In February 1907, a somewhat uneasy feeling began to manifest in Blantyre when it became known that two cases of cerebro-spinal meningitis or “spotted fever” had claimed the lives of two Blantyre residents.
In one case, that of a boy, aged 9 from Chamber’s Buildings on Glasgow Road, he was taken to the hospital in Blantyre but died shortly after. The other case had been a stout, young, otherwise healthy man
Spotted fever was then one of the most severe of all infectious diseases. Attacks ranged from mild ambulatory forms to rapidly terminating fatal attacks. Humans were accidental hosts. Humans contract the disease by being bitten by an infected tick. A distinct rash usually appears on the third day of the disease. The early rash may resemble the slight mottling seen in measles. The rash appears first on the ankles and wrists, and spreads to the legs, arms, and chest.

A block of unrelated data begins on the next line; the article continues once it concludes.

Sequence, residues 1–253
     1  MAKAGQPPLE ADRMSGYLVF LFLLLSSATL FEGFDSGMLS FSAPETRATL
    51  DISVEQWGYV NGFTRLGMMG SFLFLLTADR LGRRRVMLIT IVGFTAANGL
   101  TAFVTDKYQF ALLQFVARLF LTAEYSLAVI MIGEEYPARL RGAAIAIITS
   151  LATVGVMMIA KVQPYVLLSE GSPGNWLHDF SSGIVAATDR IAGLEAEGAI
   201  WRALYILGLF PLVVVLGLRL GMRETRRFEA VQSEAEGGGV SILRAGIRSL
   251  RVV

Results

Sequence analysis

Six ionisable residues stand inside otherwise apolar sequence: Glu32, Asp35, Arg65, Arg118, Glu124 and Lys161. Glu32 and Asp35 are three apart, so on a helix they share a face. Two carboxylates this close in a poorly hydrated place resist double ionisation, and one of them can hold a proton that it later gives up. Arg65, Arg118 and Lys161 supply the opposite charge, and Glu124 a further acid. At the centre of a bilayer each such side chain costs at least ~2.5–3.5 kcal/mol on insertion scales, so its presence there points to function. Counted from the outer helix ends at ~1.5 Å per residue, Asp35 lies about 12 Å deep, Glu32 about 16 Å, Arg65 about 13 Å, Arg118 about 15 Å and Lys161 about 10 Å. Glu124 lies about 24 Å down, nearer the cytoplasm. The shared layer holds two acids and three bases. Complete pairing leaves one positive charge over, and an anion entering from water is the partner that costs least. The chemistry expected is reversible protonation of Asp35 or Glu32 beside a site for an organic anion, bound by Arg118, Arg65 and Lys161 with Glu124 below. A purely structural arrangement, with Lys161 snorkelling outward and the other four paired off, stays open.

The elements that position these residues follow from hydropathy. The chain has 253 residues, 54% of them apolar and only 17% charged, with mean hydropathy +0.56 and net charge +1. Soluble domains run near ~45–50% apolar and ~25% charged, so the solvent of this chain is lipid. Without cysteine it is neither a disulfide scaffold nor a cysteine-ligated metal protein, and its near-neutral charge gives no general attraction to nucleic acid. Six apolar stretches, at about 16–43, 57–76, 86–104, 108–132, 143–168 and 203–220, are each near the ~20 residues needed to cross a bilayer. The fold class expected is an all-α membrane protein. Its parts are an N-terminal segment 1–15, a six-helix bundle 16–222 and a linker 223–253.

In 1907, this was particularly worrying. At the same time as the Blantyre cases, over 130 cases had been reported in Glasgow, and even more in Belfast, with a splattering of cases in other small towns in Scotland. It was considered an epidemic and people were afraid. Modern antibiotics and a better understanding of transmission has helped ensure cases are now reduced.
Photos: For Illustration only